Hayden put his party and the Australian people ahead of his personal ambition.
As Foreign Affairs Minister in Bob Hawke’s Cabinet, Bill brought tact and gravitas to a position which demanded both qualities amidst the backdrop of the Cold War.
In life, Bill Hayden underwent many conversions:
From idealist to realist.
From Democratic Socialist to Social Democrat.
From radically minded to more conservative minded.
From contemplating joining the Communist Party to joining the editorial board of Quadrant.
From atheist to Catholic.
And, most notably, from impoverished boy to illustrious man.
Indeed, a man who served our country at the highest level with the greatest distinction, along with his wife, as our 21st Governor-General.
During his Labor leadership, Bill was plagued by self-doubt. When he lost the leadership, he said he ‘felt like a total failure’.
My hope is that, in his twilight years, Bill underwent a final conversion.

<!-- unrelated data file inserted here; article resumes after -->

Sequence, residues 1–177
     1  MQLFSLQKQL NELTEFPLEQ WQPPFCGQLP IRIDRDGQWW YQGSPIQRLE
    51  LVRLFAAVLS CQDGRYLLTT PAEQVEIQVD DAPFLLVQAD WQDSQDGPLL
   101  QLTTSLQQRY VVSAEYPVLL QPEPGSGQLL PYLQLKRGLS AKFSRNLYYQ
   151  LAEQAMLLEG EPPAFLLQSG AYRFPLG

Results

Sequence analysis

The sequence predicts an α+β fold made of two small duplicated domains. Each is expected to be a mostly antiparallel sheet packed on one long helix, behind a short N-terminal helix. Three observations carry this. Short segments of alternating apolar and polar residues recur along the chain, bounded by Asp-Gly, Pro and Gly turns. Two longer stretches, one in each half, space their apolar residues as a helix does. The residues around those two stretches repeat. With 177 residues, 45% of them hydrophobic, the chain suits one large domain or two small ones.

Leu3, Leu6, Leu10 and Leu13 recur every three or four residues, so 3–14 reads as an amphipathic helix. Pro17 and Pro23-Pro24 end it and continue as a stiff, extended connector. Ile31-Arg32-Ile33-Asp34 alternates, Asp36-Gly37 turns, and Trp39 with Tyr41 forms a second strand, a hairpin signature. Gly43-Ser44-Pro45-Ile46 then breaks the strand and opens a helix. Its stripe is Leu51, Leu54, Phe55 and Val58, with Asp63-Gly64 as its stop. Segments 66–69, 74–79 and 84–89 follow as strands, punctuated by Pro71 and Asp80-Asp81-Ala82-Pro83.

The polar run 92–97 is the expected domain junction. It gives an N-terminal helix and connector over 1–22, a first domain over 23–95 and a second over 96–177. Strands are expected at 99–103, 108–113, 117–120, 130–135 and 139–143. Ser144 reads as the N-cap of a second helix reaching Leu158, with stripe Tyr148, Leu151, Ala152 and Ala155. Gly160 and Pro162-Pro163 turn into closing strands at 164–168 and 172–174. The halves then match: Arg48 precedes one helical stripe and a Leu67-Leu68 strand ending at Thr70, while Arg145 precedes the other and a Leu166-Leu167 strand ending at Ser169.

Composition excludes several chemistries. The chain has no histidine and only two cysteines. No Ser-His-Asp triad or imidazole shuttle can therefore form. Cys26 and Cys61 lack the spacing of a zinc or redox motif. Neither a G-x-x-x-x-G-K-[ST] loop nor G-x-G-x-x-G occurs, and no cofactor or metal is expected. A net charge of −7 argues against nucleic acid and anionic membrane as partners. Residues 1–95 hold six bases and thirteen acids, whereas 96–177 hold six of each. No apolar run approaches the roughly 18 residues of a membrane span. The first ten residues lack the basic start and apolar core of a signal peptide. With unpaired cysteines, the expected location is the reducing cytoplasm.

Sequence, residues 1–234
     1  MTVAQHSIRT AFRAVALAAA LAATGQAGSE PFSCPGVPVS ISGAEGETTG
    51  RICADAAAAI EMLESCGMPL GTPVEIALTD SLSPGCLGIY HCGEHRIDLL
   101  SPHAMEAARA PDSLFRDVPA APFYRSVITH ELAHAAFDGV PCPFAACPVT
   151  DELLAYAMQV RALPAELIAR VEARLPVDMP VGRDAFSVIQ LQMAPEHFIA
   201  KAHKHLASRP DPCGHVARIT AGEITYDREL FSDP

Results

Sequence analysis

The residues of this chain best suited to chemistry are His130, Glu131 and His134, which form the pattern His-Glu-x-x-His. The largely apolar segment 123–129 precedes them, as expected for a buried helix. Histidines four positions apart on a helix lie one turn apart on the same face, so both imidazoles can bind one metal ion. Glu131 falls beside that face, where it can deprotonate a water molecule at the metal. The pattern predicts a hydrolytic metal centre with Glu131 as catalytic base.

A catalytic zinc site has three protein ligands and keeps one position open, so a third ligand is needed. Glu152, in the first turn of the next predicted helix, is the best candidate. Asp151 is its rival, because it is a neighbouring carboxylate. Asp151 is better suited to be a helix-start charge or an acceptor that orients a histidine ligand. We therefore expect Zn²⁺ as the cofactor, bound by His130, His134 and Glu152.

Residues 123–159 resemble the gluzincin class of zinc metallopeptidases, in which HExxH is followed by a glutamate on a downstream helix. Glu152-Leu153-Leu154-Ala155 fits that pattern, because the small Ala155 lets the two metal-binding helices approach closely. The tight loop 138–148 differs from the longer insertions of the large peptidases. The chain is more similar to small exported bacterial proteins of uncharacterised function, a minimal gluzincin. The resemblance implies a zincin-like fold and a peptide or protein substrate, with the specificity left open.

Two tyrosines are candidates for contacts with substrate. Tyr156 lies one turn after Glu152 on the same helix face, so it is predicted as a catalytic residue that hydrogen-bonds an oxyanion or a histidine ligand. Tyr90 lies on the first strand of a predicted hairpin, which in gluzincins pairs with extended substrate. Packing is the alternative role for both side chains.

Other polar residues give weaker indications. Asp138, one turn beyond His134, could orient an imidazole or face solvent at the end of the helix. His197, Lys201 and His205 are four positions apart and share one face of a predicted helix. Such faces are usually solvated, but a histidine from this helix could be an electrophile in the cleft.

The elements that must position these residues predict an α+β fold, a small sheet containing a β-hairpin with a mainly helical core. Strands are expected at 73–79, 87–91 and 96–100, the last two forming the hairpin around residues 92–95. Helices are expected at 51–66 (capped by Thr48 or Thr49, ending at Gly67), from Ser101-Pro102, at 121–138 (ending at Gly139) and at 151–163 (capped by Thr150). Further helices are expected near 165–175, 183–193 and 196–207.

From a disposition of self-doubt – to one of self-assurance.
I hope that Bill had an absolute sense of his self-worth in the realisation that the totality of his achievements made him a truly great Australian.
For any Australian who feels they are overcome by life’s setbacks, Bill Hayden reminds us of how the setbacks of life can be overcome – through sheer hard work, a sense of duty, and a stoic temperament.
On behalf of the Coalition, I offer my heartfelt condolences to Bill’s devoted wife, Dallas.
To his much-cherished children, Georgina, Ingrid, and Kirk.
To his Labor Party colleagues. And to his many friends.
Bill is now reunited with his beloved daughter and first child, Michaela.
May he rest in peace.